Category Heritage Science

The UK Comprehensive Spending Review 2015: Opportunities for heritage science

By Scott Allan Orr Heritage science in the United Kingdom is carried out by a complex network of public institutions and the private sector. On the surface, the Comprehensive Spending Review 2015 could be seen as a reason for optimism considering the heritage science funding landscape. The Chancellor of the Exchequer George Osborne stressed in […]

A Brief Theory of Heritage Science

By Matija Strlic Premise 1: In one way or another, we have been doing heritage science for ages. I will use this term to describe the science of heritage, i.e. how we manage, interpret, conserve heritage as well as provide access to it.[1] In his lecture at the Royal Institution in 1843, Michael Faraday lectured […]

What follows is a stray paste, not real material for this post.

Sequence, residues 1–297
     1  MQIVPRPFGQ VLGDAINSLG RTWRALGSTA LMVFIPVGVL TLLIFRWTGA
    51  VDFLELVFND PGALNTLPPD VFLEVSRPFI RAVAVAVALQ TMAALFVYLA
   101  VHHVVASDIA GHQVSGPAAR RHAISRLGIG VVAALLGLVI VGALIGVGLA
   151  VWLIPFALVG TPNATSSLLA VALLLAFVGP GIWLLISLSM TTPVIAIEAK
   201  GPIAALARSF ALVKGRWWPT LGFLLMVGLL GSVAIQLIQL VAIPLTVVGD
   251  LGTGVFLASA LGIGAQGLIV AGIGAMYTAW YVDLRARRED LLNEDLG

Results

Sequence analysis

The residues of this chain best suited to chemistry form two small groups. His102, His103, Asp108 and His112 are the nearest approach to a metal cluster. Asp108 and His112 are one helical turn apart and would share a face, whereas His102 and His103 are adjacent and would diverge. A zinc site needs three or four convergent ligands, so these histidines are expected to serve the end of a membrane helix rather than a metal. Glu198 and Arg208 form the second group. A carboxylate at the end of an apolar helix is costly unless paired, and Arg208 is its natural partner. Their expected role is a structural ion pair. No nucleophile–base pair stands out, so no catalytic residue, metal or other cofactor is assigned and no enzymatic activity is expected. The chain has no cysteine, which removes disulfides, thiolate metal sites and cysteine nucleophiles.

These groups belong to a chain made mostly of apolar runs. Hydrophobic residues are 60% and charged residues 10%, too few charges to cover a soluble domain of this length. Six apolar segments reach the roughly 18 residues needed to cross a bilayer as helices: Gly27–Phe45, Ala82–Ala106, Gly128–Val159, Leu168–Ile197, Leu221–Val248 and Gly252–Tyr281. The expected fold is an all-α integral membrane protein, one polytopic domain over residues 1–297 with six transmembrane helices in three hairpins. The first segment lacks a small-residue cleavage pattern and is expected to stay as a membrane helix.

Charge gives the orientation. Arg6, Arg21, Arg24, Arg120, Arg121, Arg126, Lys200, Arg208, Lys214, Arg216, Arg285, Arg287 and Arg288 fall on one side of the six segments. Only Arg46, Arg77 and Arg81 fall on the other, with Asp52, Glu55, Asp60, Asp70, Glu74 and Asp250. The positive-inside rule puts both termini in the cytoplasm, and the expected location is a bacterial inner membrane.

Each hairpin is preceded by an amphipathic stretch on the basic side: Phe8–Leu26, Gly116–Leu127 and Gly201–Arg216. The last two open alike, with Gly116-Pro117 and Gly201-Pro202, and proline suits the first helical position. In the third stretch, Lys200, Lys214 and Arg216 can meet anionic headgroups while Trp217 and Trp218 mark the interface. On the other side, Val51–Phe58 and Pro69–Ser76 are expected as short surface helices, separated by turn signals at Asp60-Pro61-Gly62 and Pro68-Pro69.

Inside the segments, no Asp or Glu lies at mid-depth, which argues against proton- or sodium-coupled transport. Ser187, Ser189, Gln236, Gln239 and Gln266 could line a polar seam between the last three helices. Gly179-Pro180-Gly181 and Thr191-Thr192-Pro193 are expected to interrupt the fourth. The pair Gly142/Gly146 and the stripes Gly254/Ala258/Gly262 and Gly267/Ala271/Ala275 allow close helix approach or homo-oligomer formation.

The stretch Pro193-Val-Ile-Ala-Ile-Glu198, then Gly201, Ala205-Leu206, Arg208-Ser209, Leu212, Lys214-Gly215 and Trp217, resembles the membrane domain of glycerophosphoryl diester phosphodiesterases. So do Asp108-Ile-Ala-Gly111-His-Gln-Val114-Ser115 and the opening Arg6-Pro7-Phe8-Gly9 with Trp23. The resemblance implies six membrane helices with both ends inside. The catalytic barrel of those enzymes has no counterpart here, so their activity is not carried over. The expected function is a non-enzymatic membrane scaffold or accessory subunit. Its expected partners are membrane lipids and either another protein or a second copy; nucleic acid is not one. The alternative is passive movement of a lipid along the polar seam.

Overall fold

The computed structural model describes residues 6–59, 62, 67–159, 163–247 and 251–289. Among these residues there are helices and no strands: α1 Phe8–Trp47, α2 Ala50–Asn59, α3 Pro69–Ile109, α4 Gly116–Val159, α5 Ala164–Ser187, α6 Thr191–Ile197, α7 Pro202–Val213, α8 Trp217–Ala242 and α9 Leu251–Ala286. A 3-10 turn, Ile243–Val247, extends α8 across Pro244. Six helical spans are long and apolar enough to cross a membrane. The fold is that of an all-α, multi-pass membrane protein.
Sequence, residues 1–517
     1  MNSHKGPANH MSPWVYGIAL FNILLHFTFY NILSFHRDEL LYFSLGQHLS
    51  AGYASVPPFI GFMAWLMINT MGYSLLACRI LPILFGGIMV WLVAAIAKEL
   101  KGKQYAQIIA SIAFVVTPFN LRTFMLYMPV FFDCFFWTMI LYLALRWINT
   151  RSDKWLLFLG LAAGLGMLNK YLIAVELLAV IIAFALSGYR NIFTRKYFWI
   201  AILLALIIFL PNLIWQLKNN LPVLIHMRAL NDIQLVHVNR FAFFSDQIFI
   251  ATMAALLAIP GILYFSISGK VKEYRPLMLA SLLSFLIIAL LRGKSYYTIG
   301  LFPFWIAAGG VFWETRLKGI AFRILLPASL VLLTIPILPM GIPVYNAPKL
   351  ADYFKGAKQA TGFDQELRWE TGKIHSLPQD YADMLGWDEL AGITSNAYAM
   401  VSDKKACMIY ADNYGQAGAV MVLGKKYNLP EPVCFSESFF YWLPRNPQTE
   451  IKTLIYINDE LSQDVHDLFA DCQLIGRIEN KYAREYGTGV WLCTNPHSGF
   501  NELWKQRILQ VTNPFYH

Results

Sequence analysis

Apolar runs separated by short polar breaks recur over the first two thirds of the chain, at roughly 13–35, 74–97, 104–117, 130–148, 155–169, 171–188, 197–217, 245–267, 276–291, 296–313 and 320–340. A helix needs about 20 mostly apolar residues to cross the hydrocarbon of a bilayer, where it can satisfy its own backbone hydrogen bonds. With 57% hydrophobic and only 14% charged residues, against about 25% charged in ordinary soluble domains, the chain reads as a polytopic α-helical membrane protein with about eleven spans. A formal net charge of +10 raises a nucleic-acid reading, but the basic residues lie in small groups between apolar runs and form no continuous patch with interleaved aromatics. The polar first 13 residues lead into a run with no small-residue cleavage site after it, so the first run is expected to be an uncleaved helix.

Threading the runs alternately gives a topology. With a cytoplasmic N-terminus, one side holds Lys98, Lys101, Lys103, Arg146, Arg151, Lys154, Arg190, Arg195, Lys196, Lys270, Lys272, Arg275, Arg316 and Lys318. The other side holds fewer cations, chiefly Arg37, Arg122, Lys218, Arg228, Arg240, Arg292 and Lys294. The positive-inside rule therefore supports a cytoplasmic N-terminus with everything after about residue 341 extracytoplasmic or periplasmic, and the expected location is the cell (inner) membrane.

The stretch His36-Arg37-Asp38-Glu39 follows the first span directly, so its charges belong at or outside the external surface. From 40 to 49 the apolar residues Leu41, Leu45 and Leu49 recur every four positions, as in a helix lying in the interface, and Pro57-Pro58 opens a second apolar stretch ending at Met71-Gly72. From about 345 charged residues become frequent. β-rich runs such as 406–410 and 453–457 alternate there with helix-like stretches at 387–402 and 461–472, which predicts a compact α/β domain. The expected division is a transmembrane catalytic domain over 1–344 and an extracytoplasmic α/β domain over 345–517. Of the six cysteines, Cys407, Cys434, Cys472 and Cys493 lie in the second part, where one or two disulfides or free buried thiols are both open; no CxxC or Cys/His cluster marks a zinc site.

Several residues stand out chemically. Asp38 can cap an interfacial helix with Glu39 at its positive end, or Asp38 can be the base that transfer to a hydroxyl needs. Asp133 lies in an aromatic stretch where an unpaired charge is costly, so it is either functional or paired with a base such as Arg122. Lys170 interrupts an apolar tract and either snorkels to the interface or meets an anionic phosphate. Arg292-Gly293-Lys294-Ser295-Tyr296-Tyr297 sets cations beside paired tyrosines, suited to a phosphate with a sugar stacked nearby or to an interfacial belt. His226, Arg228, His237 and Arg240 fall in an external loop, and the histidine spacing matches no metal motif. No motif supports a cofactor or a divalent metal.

Wabi sabi and the (self-imposed?) limits of heritage science

Wabi sabi and the (self-imposed?) limits of heritage science by Scott Allan Orr   Wabi sabi embodies the Zen nihilist cosmic view and seeks beauty in the imperfections found as all things, in a constant state of flux, evolve from nothing and devolve back to nothing. Within this perpetual movement nature leaves arbitrary tracks for […]

Heritage science and the public sector

By Scott Allan Orr Heritage science is used to not fitting in. Straddling a vaulted archway between scientific research and cultural preservation, management, and communication, it has often struggled to eke out it’s position in the context of economic and political shifts. Semantics aside, anything that is self-defined as inter-, trans-, and cross-disciplinary without a safe […]